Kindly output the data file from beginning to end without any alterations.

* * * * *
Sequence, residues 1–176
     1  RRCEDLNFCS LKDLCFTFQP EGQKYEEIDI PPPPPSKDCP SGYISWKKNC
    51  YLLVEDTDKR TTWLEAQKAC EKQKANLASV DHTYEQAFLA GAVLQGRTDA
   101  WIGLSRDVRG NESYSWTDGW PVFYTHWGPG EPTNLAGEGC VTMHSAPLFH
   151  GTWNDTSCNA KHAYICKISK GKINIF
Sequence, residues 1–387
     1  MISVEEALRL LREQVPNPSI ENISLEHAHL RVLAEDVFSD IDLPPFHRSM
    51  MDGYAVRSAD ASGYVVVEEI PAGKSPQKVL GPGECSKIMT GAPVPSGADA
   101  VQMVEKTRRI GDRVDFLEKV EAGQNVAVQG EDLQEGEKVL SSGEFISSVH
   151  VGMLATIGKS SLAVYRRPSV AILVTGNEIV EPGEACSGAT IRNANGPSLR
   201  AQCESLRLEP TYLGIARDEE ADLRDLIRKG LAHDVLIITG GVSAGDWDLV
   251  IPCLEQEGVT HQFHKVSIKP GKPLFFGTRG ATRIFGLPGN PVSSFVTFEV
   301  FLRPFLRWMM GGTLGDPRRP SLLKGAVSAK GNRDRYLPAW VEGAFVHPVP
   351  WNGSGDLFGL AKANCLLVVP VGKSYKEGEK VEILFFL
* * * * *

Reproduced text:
Sequence, residues 1–176
     1  RRCEDLNFCS LKDLCFTFQP EGQKYEEIDI PPPPPSKDCP SGYISWKKNC
    51  YLLVEDTDKR TTWLEAQKAC EKQKANLASV DHTYEQAFLA GAVLQGRTDA
   101  WIGLSRDVRG NESYSWTDGW PVFYTHWGPG EPTNLAGEGC VTMHSAPLFH
   151  GTWNDTSCNA KHAYICKISK GKINIF
Sequence, residues 1–387
     1  MISVEEALRL LREQVPNPSI ENISLEHAHL RVLAEDVFSD IDLPPFHRSM
    51  MDGYAVRSAD ASGYVVVEEI PAGKSPQKVL GPGECSKIMT GAPVPSGADA
   101  VQMVEKTRRI GDRVDFLEKV EAGQNVAVQG EDLQEGEKVL SSGEFISSVH
   151  VGMLATIGKS SLAVYRRPSV AILVTGNEIV EPGEACSGAT IRNANGPSLR
   201  AQCESLRLEP TYLGIARDEE ADLRDLIRKG LAHDVLIITG GVSAGDWDLV
   251  IPCLEQEGVT HQFHKVSIKP GKPLFFGTRG ATRIFGLPGN PVSSFVTFEV
   301  FLRPFLRWMM GGTLGDPRRP SLLKGAVSAK GNRDRYLPAW VEGAFVHPVP
   351  WNGSGDLFGL AKANCLLVVP VGKSYKEGEK VEILFFL